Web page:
The nation of Grenada consists of three islands: Grenada, Carriacou and Petit Martinique. Its people are of mixed origins, though primarily of African descent. The island is volcanic in origin with a central ridge of mountains, the highest of which is Mount St. Catherine at 804 metres (2757 ft)

Grenada has a bit of everything - beaches, rainforests, mountains, a fascinating history and an unaffectedly friendly people. We thought it would be the ideal location to spend time with Chris.

December 28

Chris Arrives at Prickly Bay!

We met Chris at the airport in Grenada, so happy to celebrate a belated Christmas with him and spend 2 weeks showing him part of the Caribbean wonders. 

We had anchored in Prickly Bay on the southern end of Grenada a week ahead to prepare for Chris' arrival.
Prickly Bay is a convenient anchorage with good holding, but it gets rolly during a southerly wind. We were situated near a little beach between Prickly Bay Marina and Spice Island Marina. (see pic above- Ascension is marked with red arrow) "Marina" is a misnomer as there really isn't any dock facilities of significance at either location. But they do provide good shore access with dinghy docks and restaurants at both locations.

December 29

St. Georges

We took a local "bus" (Mini Van) to St. George's. Buses all have huge stickers on them announcing their names (Love-a-Lot, Rider, Obsession). This form of transport is a cultural experience within itself. 

The vans give new meaning to carpooling, where 8 would sit comfortably, 12 would be cozy and 20 is what the driver wants! Squashed in like tinned fish, the thumping tunes provided by the driver gets the whole crowd into it - dancehall music cranked up to 12, with the locals singing along. The buses have normal routes but will detour to wherever you want to go.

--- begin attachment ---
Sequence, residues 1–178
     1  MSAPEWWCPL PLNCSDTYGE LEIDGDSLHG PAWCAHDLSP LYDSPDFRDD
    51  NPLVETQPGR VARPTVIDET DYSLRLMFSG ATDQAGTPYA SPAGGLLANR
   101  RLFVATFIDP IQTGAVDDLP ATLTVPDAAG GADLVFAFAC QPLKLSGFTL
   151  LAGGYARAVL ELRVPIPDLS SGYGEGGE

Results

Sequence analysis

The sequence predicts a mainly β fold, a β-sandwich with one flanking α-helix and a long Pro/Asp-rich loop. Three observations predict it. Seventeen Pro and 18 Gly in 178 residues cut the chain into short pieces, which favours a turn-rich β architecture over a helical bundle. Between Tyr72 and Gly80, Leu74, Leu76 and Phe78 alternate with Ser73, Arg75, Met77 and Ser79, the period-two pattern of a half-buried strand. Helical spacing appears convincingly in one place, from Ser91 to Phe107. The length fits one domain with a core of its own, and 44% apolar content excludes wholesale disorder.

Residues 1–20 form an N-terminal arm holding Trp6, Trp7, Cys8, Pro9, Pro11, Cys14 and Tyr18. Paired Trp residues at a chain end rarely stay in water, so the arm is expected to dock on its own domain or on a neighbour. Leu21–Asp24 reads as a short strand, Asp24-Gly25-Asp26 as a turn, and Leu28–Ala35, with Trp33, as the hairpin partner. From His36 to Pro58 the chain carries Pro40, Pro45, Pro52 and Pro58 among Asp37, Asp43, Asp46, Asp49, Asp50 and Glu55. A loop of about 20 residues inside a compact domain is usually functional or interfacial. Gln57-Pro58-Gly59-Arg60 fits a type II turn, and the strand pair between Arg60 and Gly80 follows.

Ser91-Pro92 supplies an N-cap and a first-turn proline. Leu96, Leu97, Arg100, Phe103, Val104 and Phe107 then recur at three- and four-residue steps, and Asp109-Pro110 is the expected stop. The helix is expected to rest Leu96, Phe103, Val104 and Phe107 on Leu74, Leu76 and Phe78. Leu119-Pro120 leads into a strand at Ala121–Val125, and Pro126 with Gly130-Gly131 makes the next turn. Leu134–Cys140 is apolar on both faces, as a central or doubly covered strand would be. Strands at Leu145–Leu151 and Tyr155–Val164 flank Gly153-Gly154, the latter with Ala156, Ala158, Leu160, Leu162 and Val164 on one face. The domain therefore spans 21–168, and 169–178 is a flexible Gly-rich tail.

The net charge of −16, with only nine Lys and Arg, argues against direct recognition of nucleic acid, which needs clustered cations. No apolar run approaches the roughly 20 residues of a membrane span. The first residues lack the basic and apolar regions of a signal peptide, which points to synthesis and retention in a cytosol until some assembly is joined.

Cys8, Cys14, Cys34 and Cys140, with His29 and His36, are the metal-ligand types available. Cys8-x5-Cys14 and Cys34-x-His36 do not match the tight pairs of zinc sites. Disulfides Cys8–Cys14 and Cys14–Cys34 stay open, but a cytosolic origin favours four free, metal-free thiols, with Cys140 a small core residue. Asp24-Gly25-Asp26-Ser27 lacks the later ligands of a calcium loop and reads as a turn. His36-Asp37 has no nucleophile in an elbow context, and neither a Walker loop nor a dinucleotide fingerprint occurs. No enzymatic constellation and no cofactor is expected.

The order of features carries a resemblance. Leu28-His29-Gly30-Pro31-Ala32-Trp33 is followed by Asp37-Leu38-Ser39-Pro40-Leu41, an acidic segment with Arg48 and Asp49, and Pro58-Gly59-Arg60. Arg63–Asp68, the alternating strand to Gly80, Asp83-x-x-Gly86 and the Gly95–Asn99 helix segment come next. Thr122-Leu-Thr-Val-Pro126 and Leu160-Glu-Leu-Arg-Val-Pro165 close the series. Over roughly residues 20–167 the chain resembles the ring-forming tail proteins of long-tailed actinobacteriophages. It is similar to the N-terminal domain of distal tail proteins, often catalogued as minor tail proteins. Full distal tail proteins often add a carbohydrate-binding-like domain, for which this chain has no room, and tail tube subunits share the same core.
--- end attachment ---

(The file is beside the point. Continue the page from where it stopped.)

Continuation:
Passing modern shopping centres and the ever present favourite KFC's, a mobile Pan Band resonated the Caribbean beat we have come to love.

St. Georges, the capital of Grenada, is a classic Caribbean city lying around an ancient, submerged volcano crater. Fort George stands majestically on the hill overlooking the city. Georgian style buildings line the harbour, most rebuilt since Hurricane Ivan flattened the city in 2004. Stone churches, forts from a forgotten time and houses of all colors meld into a hilly buffet of urban aesthetics. We strolled along the Esplande past cruise ships, water taxis and fishing boats bobbing in the port.

We ventured through Market Square, noisy and colourful, the locals haggling over their daily supplies. The mishmash of hilly laneways surrounding the Market Square have many core elements of the historic town as it was when it was first founded.

Walking through the Sendall Tunnel brought us to the Carenage, a horseshoe shaped inner harbour and the focal point of marine activity in St. Georges.

We found a dockside restaurant for a lunch stop, where the cooling breeze was a great respite from the heat.

It was a hot walk to the adjacent bay, especially since we missed our turn and walked for several hours through an upscale neighborhood. 


Happy Birthday Guys!

December 30, 2009

We had a dual birthday celebration for Gord & Chris complete with cake.

Interesting to see how the upper class Grenadians live but we were grateful that there were cold drinks when we reached Mt. Hartman Bay. Gord thankfully hugs the mermaid!

New Year's Eve

We spent the evening at De Big Fish Restaurant, Spice Island, enjoying a meal of local cuisine and entertainment. British New Year's was brought in at Greenwich Midnight (9 pm) which is also Cruiser's Midnight!

We returned to the boat in time for an amazing display of fireworks, a 360 degree display of pyrotechnics around Ascension, light shows being set off from dozens of locations on shore!